It is another one of those fantastic winter mornings, waking before the light. Fortunately, the timers (for heaters in the flat) were set in anticipation we could prepare in the warm. All geared and fed we head for the Clyde Road carpark where a sleepy, yet cheerful welcome is given by all manner of dressed up creatures. After the initial briefing and disclaimer, around 300 competitors board busses to who knows where! Covertly, some of our Skype Interviewee team previously uncovered the location from the leg setters however hold their tongues, rightfully so.
Pulling into a siding not too deep in Arthur’s pass everyone scours the mountain identified on the recently provided maps. The starting horn goes, and everything turns to a bobbing mass of activewear, colours and cardboard. About half way up the second scree slope a lawnmower passes. You can never guess what TWALK brings out in some people – last year there was a space ship. Another 500 meters ascent and I am feeling buggered!
After finding all but two of the clues on the first leg we arrive at the hash-house, with a feed from the fantastic volunteer cooks and a new set of clues, our team prepares for leg two. Turns out that the costume of suit jacket and boxers worked a treat. The matagouri were not able to penetrate the weave of op-shop suit textile.
Through legs 3 and 4 energy levels began to wane. Pushing through the night section of the competition, navigation became crucial for pinpointing control point locations. Come the end of leg 3 I’m sure there were 3 teams of us all bunched looking for the same clues. Many half functioning brains made light work. Taking a moment, I managed to appreciate all the little lights as head torches trekked over the countryside. The base medical team having a steady stream of minor injuries to keep them busy. Paraphrasing here; the joint misery achievable on a weekend of epic highs and painful lows earns TWALK a special place in the yearly calendar where people can come together and compete in an extended adventure.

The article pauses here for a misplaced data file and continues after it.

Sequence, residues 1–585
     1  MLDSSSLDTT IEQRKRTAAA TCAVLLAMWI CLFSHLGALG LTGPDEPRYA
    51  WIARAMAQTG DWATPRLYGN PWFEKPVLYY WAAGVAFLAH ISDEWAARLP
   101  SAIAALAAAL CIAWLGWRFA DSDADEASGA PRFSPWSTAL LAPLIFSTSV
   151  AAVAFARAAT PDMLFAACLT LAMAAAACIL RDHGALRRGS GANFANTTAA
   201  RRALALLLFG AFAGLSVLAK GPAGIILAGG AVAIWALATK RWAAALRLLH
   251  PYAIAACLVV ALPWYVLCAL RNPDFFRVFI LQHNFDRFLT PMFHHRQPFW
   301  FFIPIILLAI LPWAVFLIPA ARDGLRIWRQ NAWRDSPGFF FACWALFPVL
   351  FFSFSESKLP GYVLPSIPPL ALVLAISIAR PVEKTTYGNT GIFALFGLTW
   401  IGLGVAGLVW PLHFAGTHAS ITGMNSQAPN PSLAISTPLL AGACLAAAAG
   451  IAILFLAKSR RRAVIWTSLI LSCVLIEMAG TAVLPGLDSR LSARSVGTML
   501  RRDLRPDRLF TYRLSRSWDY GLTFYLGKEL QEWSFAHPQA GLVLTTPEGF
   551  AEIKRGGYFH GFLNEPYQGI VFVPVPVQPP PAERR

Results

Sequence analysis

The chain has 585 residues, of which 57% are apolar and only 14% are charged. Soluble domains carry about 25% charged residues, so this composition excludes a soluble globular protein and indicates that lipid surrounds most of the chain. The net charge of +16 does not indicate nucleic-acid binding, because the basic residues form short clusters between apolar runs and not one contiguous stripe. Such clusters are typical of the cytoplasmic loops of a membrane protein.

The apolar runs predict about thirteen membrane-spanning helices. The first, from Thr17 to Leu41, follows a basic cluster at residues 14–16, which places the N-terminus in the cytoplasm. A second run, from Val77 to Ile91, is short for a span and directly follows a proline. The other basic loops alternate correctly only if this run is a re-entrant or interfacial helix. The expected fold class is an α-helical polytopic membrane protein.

Finishing up the competition in the late morning a spectrum of abilities became abundantly clear. The best teams were getting back after a good attempt at the 2000 m climb of leg 5 (a bit closer to attempting everything this year. A well set TWALK should be incompletable, but only just). With the big red clock counting down the seconds the last team arrives, out of breath, in time to save any late penalties. The standard prizes are handed out at the prize giving, with best student team going to a pair of keen beans who signed up in the last hours before closing.
With a massive thank for the use of the property and barn we all fell asleep on the buses back to Christchurch. It is because of the generosity of farms managers and owners around the region that TWALK can continue. A huge thank you to them for allowing this grass-roots competition to endure.
TWALK MUFFIN RECIPE
It has to be said that there isn’t much in life that’s sweeter than a piping hot muffin, fresh from the oven. That being said the only thing better is said muffin, 10hrs into twalk, in a smelly old wool shed. And so I present to you the Twalk Muffin recipe of 2019!
- 1 1/2 cups flour
- 1/2 cup sugar
- 1 teaspoon salt
- 2 teaspoons baking powder
- 3/4 cup non-dairy milk (I used almond)
- 1/4 cup oil (canola or melted coconut oil)
- 1 cup frozen fruit (blueberries, raspberries, etc)*
- Preheat the oven to 204 Degrees C
- Line muffin pan with baking cups
- Mix all ingredients (except the fruit) together in a large bowl. I suggest doing all the dry ingredients first and then adding the wet ones.
- Gently fold in the fruit
- Bake for 25-30 minutes
*For chocolate muffins, omit fruit and replace with 2 tbsp Cocoa Powder + ungodly amount of chocolate chips